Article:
32. ^ Lancaster, Henry; Thrush, Andrew. "THYNNE, Charles (c.1568-1652), of Cheddar, Som.". History of Parliament. The History of Parliament Trust. Retrieved 2 January 2016. 
  33. ^ Rugh, R. B.; Critall, Elizabeth. "'Parliamentary history : 1529-1629', in A History of the County of Wiltshire: Volume 5". British History Online. Victoria County History. Retrieved 2 January 2016. 
  34. ^ Ferris, John P. "THYNNE, Sir James (c.1605-70), of Longbridge Deverill, Wilts.". History of Parliament. The History of Parliament Trust. Retrieved 2 January 2016. 
  35. ^ Helms, M. W.; Ferris, John P. "THYNNE, Sir Thomas (c.1610-c.69), of Richmond, Surr.". History of Parliament. The History of Parliament Trust. Retrieved 2 January 2016. 
  36. ^ Marshall, Alan. "Thynne, Thomas". Oxford Dictionary of National Biography. Retrieved 2 January 2016. (Subscription required (help)). 
  37. ^ Heath-Caldwell, J. J. "Thomas Thynne, 1st Marquess of Bath, 3rd Viscount Weymouth". JJ Heath-Caldwell. Retrieved 2 January 2016.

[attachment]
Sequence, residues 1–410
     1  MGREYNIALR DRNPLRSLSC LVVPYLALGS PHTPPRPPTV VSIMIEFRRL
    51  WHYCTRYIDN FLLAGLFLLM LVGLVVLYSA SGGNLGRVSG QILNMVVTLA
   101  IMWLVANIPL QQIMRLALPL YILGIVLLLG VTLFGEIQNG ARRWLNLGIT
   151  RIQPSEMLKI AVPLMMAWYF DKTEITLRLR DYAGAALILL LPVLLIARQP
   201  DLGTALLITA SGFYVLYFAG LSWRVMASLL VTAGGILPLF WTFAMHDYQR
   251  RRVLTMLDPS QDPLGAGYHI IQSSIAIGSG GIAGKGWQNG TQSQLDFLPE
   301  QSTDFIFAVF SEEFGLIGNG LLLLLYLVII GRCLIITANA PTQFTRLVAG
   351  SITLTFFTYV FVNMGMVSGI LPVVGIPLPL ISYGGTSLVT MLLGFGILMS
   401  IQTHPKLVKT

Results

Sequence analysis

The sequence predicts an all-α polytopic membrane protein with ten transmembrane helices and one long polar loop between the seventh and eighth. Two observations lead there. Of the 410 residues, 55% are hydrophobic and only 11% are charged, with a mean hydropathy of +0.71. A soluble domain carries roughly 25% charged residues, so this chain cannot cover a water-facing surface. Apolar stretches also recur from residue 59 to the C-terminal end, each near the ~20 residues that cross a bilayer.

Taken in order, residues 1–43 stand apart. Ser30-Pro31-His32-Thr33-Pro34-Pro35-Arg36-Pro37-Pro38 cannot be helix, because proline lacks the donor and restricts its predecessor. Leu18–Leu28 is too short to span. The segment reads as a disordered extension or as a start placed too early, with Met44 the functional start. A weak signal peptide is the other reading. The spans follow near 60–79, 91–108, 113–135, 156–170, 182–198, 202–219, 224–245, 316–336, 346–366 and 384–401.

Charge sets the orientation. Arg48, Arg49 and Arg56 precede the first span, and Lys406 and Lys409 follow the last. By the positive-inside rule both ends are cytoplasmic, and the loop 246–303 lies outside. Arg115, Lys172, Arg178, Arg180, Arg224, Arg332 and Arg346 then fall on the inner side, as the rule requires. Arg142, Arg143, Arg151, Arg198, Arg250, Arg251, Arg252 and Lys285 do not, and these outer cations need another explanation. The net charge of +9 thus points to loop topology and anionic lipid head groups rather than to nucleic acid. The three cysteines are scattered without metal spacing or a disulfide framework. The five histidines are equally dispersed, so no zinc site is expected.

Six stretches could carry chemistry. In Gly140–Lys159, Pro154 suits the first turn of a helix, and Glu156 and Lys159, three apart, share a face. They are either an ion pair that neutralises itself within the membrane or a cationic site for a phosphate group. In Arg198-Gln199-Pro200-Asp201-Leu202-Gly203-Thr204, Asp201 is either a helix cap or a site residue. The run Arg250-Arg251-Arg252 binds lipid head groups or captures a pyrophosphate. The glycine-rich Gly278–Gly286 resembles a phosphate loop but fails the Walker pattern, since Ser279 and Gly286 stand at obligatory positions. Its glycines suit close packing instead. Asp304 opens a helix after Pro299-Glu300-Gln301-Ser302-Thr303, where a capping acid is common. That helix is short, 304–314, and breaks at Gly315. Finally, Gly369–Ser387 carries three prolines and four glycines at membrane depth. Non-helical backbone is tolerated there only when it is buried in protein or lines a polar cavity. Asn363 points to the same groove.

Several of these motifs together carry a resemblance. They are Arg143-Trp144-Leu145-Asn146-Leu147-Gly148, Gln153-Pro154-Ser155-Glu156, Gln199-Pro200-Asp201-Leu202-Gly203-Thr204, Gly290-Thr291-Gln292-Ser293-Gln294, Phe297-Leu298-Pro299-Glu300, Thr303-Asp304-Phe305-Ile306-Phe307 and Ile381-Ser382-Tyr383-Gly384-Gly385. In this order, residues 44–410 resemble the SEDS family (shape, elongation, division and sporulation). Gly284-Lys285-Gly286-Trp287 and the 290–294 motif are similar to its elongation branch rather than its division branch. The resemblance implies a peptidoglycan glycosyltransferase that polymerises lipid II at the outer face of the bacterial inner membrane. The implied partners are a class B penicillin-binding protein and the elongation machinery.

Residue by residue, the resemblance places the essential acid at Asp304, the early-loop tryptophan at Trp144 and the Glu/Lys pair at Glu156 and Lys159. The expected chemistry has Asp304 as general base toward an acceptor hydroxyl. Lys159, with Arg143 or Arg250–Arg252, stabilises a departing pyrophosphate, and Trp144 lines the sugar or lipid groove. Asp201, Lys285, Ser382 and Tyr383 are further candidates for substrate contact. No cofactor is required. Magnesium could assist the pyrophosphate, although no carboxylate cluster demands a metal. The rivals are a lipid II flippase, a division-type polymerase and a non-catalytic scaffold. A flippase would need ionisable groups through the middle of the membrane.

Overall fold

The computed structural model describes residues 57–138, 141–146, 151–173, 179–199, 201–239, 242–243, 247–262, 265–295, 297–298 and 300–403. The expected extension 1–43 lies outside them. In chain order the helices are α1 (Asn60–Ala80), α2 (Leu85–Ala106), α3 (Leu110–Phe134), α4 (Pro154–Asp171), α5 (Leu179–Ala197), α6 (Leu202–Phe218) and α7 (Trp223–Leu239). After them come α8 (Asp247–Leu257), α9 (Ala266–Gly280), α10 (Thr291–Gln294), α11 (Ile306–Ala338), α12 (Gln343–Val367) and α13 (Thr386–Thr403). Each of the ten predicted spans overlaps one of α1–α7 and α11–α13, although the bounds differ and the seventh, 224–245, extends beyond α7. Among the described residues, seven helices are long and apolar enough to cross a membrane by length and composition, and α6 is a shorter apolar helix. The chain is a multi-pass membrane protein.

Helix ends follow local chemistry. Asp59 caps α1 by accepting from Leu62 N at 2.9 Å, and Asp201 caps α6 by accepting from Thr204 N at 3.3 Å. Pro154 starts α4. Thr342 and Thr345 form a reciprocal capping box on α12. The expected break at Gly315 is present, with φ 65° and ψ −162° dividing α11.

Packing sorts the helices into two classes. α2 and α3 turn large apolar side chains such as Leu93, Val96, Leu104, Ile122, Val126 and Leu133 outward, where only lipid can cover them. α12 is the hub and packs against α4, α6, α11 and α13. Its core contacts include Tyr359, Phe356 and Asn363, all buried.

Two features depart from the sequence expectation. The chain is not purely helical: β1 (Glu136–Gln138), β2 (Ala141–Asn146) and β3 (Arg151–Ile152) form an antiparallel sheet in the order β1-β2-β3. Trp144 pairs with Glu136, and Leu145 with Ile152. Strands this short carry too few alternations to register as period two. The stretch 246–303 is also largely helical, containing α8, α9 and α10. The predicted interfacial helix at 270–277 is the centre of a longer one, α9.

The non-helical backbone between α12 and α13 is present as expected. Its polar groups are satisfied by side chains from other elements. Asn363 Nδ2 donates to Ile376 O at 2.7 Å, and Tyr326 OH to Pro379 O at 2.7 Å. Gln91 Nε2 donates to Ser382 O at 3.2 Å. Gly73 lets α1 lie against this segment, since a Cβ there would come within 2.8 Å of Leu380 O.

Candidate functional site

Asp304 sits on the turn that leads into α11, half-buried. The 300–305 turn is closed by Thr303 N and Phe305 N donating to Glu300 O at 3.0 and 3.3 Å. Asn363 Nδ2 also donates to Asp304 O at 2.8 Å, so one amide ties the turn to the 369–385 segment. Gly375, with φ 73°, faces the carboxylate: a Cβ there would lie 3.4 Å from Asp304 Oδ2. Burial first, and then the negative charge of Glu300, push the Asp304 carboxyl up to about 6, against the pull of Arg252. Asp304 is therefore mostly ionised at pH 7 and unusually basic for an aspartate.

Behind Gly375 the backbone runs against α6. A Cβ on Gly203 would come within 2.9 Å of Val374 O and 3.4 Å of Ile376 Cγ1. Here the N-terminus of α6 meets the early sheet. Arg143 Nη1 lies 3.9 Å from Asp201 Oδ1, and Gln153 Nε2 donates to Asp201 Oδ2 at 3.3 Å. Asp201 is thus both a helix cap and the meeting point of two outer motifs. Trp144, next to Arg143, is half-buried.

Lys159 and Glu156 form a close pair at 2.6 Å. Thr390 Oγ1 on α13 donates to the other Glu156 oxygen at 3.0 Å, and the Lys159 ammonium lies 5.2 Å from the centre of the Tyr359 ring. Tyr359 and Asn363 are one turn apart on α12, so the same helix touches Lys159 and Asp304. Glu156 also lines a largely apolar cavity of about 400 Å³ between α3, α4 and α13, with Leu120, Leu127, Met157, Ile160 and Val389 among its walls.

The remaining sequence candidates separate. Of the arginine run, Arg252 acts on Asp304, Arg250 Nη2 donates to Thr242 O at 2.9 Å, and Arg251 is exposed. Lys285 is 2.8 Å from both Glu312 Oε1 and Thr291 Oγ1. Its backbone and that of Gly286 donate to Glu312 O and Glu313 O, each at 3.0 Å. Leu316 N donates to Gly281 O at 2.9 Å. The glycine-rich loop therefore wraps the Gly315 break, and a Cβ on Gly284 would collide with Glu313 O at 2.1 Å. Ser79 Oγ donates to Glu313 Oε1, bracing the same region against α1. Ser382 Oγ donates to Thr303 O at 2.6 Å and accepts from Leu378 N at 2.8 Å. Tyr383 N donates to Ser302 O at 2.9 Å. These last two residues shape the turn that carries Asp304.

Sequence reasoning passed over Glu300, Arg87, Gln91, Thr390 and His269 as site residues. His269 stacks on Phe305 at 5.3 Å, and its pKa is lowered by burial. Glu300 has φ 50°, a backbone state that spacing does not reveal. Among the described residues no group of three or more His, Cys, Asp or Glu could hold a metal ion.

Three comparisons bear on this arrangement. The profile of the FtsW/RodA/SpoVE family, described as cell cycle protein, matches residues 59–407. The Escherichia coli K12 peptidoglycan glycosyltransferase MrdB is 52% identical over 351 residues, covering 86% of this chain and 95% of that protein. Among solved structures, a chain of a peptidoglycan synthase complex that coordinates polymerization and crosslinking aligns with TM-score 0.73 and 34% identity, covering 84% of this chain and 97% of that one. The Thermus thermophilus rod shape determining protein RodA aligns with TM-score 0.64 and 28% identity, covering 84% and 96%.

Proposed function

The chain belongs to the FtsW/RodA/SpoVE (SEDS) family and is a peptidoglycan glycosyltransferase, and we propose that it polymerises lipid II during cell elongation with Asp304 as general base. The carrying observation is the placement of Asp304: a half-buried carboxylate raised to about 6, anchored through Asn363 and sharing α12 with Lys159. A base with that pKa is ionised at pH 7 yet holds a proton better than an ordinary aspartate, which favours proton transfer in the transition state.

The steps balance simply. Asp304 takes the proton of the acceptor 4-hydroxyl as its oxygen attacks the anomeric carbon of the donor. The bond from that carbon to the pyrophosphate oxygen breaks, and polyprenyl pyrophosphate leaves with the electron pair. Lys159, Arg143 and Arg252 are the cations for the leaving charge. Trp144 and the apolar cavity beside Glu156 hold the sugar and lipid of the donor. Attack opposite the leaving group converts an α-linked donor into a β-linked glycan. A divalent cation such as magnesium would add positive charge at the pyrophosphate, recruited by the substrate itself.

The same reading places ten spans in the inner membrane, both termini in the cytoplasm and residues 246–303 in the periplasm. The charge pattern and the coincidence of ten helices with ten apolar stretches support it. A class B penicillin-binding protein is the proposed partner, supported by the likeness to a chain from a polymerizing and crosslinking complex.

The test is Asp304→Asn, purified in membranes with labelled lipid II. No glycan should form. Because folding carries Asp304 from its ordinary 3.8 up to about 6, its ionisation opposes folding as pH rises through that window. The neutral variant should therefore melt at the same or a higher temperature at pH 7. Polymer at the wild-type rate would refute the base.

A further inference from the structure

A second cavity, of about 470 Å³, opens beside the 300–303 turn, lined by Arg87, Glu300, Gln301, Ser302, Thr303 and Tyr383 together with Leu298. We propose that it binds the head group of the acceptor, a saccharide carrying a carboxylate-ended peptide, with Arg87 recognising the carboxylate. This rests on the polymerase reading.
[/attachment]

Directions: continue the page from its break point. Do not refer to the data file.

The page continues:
38. ^ Hayton, D. W. "THYNNE, Hon. Henry (1675-1708).". The History of Parliament. The History of Parliament Trust. Retrieved 2 January 2016. 
  39. ^ Dunaway, Stewart (2013). Lord John Carteret, Earl Granville - His Life History and the Granville Grants. Lulu. p. 33. ISBN 9781300878070. 
  40. ^ "Bath, Thomas Thynne". Encyclopedia Britannica 1911. Retrieved 2 January 2016. 
  41. ^ Thorne, Roland. "Carteret [formerly Thynne], Henry Frederick". Oxford Dictionary of National Biography. Retrieved 2 January 2016. 
  42. ^ "Thomas Thynne, 2nd Marquess of Bath (1765-1837)". National Portrait Gallery. Retrieved 2 January 2016. 
  43. ^ Escott, Margaret. "THYNNE, Lord Henry Frederick (1797-1837), of 6 Grovesnor Square, Mdx.". History of Parliament. The History of Parliament Trust. Retrieved 2 January 2016. 
  44. ^ "John Thynne, 4th Marquess of Bath (1831-1896), Diplomat and landowner". National Portrait Gallery. Retrieved 2 January 2016. 

External links[edit]

Parliament of the United Kingdom
Preceded by
Lord Henry Frederick Thynne
Lord William Thynne
Member of Parliament for Weobley
18311832
With: Lord Henry Frederick Thynne
borough disenfranchised
Preceded by
Donald Nicoll
Member of Parliament for Frome
18591865
Succeeded by
Sir Henry Rawlinson, Bt